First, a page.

This first prototype was made by Jerry Fisk. The edition will be limited to 1,836 individually numbered pieces.



Ike Knife
Dwight David Eisenhower was a man of humble beginnings in Dennison, Texas. Perhaps it was his common touch that made him beloved and respected by everyone from the highest to the lowest in rank. His men loved him. Somehow, they knew that Ike wouldn't order them to do something that came from his ego alone. If Ike needed it done, it needed doing. They did it.

This knife is patterned after the famous M3 that was issued to the majority of G.I.'s in the field for Normandy’s D-Day in 1944. The profile of the blade and handle have become instantly recognizable to millions of soldiers the world around.

The wood is Ash from trees grown at the general's boyhood home in Texas, and carries five gold stars on each side representing his rank. The bolster and pommel are made of finely finished brass.

This first prototype was made by Jim Crowell. The edition will be limited to 1,944 individually numbered pieces to commemorate the year of D-Day in Normandy.







Crazy Horse Knife
Tashunka Witco means, “his horse is crazy.” It is a name that came to represent a man of unusual talents both on an off of the battlefield. Crazy Horse was a visionary that believed in the worth of his land, his way of life and his people.

In a way, it's fitting that he has been chosen in this edition to represent the victims of two terrible massacres. The names “Wounded Knee” and “Wachita River” conjure images we would like to forget, but painfully show that we must recognize and honor the humanity in all peoples regardless of our differences. When asked to define the extent of his lands, Crazy Horse replied, “My lands are where my people lie buried.”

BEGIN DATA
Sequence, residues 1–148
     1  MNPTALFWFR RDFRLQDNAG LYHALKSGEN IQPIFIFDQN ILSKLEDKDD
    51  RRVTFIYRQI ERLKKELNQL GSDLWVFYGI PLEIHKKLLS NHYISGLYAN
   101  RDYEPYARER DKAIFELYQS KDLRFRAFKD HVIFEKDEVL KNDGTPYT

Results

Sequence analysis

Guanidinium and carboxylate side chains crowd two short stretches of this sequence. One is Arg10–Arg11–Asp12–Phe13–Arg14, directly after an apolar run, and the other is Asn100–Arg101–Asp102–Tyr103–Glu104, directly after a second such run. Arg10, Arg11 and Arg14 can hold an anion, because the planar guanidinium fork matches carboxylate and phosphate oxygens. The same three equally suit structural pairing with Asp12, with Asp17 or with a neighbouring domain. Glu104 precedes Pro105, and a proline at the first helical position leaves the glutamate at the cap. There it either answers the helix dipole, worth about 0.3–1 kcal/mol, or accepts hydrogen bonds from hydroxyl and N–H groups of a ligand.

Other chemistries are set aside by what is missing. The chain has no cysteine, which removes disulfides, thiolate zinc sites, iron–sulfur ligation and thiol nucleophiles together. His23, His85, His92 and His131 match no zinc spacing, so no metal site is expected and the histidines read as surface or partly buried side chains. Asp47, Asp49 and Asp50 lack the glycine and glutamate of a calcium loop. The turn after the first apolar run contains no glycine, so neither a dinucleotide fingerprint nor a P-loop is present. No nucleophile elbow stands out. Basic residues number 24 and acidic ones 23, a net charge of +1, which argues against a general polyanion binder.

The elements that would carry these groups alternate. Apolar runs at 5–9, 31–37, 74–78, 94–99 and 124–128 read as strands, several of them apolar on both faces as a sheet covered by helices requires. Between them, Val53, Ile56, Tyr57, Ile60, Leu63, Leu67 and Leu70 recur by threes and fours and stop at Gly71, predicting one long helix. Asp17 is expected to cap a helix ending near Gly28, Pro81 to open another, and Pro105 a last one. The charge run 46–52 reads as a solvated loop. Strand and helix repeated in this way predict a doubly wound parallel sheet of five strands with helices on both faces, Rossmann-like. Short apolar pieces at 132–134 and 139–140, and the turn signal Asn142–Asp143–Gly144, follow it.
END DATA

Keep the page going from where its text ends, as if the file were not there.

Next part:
The handle is made of wood from the Black Hills of South Dakota, where there is a grove of Aspen trees revered by the Sioux Nation as the “Tree of Life.” The four brass tacks represent the suns of the seasons. The blade is made of hand-knapped obsidian. The sheath is made of brain-tanned buckskin and is richly beaded in a Sioux pattern.

This first prototype was made by Brent Evans. The edition will be limited to 1,835 individually numbered pieces in memory of the Native American men, women and children killed in the two massacres.

Liberty Forests
American Forests and the VFW, along with the corporate sponsorship of Browning, have united to plant one tree for each and every member of our U.S. Armed Forces, a total of 1.4 million trees. These will be planted in selected ecosystem restoration projects designated as Liberty Forests. Liberty Forests will provide a substantial and measurable environmental impact, cleaning the air, conserving soil, and improving wildlife habitat. You can also plant trees online at www.libertyforests.org to support America’s armed forces.

See updates, availability, accessories and purchasing information at www.historictrees.org

American Forest
8701 Old Kings Road, Jacksonville, FL 32219 • 904-765-0727 www.americanforests.org

Images, photographs, etc. shown do not necessarily represent the product in its entirety. They are shown for examples only.